Do I Need Proof Before Beginning an Employee Investigation?

An employee recently came forward with an accusation that two other employees were selling and buying drugs in the company parking lot. My boss says we can only investigate if the complaining employee has proof of the problem. This is his policy for all employee complaints, even harassment. He says that if the complaining employee doesn’t provide proof, we can be accused of unfair targeting. Is this how a Human Resources investigation should be conducted?

To read my answer, click here: Do I Need Proof Before Beginning an Employee Investigation?

Leave your answer in the comments!

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7 thoughts on “Do I Need Proof Before Beginning an Employee Investigation?

  1. This piece isn’t just valuable but a true game changer. Such cases need to be addressed well instead of getting neglected. I really liked the way you specify the steps an employee and the boss should consider.

  2. I work for a United States Government agency. We are subjected to pre-employment drug tests and are instructed that we may be subjected to a random one at any point during our employment. In addition, employees can be drug-tested “for cause,” which is a very low bar, basically, anytime there is any type of suspicion that they may be somehow involved with drugs. I believe that in my agency, the employees reportedly dealing drugs in the parking lot would be drug-tested, if for no other reason than to clear them of any such suspicions.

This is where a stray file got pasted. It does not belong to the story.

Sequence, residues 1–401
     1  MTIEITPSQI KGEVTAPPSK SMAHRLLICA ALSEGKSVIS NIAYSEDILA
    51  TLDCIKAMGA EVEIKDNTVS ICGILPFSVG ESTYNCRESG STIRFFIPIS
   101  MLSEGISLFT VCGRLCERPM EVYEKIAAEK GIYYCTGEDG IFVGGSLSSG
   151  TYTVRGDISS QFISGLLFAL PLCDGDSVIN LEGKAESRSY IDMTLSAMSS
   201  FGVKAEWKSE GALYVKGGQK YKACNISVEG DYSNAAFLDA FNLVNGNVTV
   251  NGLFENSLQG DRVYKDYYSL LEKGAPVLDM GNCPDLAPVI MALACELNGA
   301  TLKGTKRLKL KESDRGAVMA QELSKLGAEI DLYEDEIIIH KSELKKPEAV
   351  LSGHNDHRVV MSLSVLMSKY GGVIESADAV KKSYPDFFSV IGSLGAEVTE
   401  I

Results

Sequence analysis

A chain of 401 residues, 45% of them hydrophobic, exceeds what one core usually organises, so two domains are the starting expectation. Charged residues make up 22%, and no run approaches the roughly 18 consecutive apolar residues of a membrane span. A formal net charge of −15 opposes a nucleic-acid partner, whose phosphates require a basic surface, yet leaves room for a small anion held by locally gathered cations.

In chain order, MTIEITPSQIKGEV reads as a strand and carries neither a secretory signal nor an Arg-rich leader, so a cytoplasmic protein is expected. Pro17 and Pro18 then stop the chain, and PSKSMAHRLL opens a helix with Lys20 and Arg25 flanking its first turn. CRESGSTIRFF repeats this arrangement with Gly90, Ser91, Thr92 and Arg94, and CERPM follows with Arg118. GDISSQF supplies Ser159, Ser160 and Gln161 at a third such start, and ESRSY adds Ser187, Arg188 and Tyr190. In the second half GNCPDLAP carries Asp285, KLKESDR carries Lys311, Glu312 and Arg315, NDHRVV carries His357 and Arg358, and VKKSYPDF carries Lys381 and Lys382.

3. An internal investigation is not a court of law. You do not need a preponderance of the evidence to simply investigate. The LW’s manager is lazy. The idea that a manager merely asking questions, or taking a closer look at financials or video footage is somehow unfairly targeting anyone is ludacris. What if there is a pattern of people complaining? Do you ignore a whole group of peole all saying the same thing jsut ‘cuz there’s no evidence? What if the complainants are members of a vulnerable population. (I work in education…I’d lose my job if someone made an accusation about something involving a child and I didn’t investigate it). Not every situation is going to be caught on camera or involve forensic evidence. A manager shouldn’t be so worried about the appearance of targeting the accused that they neglect to take a victim or a whistleblower seriously.

  4. I understand your boss’ reluctance; he is your boss so tread further at your own risk. On the other hand drug abuse could lead to impaired employees and potential injury or poor decision making. Drug deals in the parking lot could also involve violent individuals on your premises. At the least I would perk my ears up, look at recent performance reviews for the employees in question and if there is decline then have a heart to heart with the boss.

  5. If I saw actual criminal behavior such as in your example, I would bring it to the attention of law enforcement — not HR. HR is not competent to handle such things and is more likely to punish you for reporting them than to do anything helpful.

    1. There are good reasons why going right to Law Enforcement in this situation is a bad idea. First is you don’t want your managers getting blindsided by the police response. Second the police may not even be permitted to come on the property to investigate an allegation of a past tense crime. Third what the person saw may not have been an illegal act at all. Fourth HR should be Competent to take the preliminary steps needed to determine whether involving law enforcement is the right move and may have liaison with the local police to have things done properly but not putting the company in a bad light. I could go on.

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